A group of protesters gathered outside QTS' office in Manassas in Northern Virginia after the company said it was involved in proposals for a new data center campus in Prince William County.

The proposals for PW Digital Gateway look to rezone more than 2,100-acres in Manassas, Northern Virginia for data center development. QTS recently admitted it was interested in acquiring an 800-acre site on Pageland Lane that would be part of the massive rezoning proposal.

Coalition to Protect Prince William County.png
– Coalition to Protect Prince William County

As a result, Inside NoVA reports that about 50 people protested outside of the Kansas-based company’s facility near George Mason University’s Science and Technology Campus on Wednesday.

The protesters were chanting and carried signs to “stay out of the rural crescent” and “save our sacred battlefield.” Residents noted the proposals would also develop over graveyards of enslaved people dating from before the US civil war.

“We don’t have to sacrifice hallowed ground and the Occoquan River watershed for good economic development,” said Elena Schlossberg. Referring to the 1994 fight against Disney’s plan for a theme park near Haymarket, she added “we are here to say to QTS data centers … go away. You think Disney had it hard? Just wait.”

Reports of a PW Digital Gateway surfaced last year. Originally reports had the development billed as a proposal for an 800-acre development; the proposal aimed to string together 30 parcels of agricultural land owned by 15 property owners to be developed by a single unnamed data center developer, now seemingly revealed as QTS.

However, as more than 200 landowners have elected to join the proposal along Pageland Lane, the PW Digital Gateway plan has expanded. The current proposal would replan 2,133 acres of the county's "rural crescent" for data centers. Approval could pave the way for up to 27.6 million square feet of data centers. But, even if the Gateway plan was approved individual developments would still need planning and rezoning permission; data center developments outside the county’s designated ‘Data Center Overlay Zone’ also need special permission.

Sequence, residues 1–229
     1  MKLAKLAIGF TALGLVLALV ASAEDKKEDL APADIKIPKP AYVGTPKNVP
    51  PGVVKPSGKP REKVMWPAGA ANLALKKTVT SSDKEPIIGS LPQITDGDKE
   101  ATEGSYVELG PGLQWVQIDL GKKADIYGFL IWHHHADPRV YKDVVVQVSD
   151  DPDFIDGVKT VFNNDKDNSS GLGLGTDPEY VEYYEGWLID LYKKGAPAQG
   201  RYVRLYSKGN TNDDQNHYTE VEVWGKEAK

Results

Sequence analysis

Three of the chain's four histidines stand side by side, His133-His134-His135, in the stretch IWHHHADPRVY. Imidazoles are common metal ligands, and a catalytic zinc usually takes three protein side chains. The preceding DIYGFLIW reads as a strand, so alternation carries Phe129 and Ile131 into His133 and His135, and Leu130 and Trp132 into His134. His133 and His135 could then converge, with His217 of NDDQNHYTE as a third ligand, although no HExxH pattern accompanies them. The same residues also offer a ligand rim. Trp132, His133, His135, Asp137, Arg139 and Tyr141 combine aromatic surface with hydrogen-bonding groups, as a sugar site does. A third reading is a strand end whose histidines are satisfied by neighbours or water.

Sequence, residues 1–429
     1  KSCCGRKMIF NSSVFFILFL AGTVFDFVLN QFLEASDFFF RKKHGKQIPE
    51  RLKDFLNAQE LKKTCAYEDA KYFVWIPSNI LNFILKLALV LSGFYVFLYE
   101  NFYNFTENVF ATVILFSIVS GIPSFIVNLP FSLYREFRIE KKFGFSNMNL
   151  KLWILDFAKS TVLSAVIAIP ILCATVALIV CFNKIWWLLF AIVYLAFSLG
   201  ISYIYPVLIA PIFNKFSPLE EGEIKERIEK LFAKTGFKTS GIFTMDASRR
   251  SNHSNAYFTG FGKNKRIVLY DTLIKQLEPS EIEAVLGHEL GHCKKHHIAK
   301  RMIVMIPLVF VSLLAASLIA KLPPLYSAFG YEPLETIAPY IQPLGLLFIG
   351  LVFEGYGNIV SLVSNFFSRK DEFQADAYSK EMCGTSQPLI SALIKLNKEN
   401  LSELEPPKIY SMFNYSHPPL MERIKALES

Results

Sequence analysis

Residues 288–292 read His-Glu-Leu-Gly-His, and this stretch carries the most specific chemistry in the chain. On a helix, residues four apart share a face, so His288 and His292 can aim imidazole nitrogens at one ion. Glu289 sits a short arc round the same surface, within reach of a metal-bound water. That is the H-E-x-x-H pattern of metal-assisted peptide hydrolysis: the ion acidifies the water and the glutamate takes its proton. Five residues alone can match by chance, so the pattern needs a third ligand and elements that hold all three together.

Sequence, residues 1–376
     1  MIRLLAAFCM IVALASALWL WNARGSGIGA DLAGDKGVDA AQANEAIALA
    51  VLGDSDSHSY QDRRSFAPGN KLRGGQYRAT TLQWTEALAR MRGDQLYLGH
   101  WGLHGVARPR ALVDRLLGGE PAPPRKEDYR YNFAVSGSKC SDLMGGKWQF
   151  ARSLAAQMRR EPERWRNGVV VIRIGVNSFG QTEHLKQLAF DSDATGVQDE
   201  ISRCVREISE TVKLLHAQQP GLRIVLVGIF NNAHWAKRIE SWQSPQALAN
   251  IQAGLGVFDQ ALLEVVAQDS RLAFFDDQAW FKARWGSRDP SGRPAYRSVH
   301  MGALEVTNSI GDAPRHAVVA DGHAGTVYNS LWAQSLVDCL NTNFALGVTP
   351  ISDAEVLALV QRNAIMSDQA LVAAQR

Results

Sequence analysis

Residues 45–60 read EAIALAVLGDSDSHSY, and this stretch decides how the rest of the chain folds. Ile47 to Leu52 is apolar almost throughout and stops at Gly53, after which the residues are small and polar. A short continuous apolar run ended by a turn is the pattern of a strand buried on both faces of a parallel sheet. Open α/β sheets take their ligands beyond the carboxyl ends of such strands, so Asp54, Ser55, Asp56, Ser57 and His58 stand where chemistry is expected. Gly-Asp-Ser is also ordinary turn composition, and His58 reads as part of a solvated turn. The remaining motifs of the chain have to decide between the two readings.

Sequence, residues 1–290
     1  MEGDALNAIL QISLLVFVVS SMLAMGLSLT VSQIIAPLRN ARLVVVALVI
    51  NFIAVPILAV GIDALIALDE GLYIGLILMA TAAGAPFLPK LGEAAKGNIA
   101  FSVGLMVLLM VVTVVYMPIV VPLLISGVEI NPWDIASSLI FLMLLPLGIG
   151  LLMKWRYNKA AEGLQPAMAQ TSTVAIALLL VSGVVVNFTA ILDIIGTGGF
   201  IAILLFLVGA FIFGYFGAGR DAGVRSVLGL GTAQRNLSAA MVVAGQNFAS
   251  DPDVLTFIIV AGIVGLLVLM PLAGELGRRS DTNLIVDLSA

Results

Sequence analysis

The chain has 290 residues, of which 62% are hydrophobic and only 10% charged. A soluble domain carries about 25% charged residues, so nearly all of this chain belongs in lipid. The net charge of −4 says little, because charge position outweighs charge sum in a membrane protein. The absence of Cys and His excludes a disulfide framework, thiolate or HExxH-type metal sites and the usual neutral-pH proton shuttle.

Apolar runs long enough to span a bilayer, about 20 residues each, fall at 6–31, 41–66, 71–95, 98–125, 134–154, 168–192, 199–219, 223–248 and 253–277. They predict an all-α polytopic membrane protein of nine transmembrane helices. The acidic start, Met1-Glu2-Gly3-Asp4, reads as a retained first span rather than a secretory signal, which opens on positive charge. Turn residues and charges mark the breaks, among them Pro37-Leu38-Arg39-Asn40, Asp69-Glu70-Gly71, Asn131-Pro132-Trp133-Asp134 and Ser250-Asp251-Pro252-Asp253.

The proposals have drawn sharp rebuke from local residents and officials, who have voiced concerns over inviting large amounts of new development to a mostly rural area and worry about the potential impact the rezoning could have on the nearby Manassas National Battlefield.

Blackstone-owned QTS operates six data centers in Virginia; four in the Ashburn area, one in Richmond, and one in Manassas. A QTS spokesperson recently said a formal rezoning application for the development from the company “is coming,” but declined to comment on when it would be filed.

Local officials are yet to vote on the Digital Gateway proposals. A separate study into whether the county should expand its current 'data center overlay district' is also underway.

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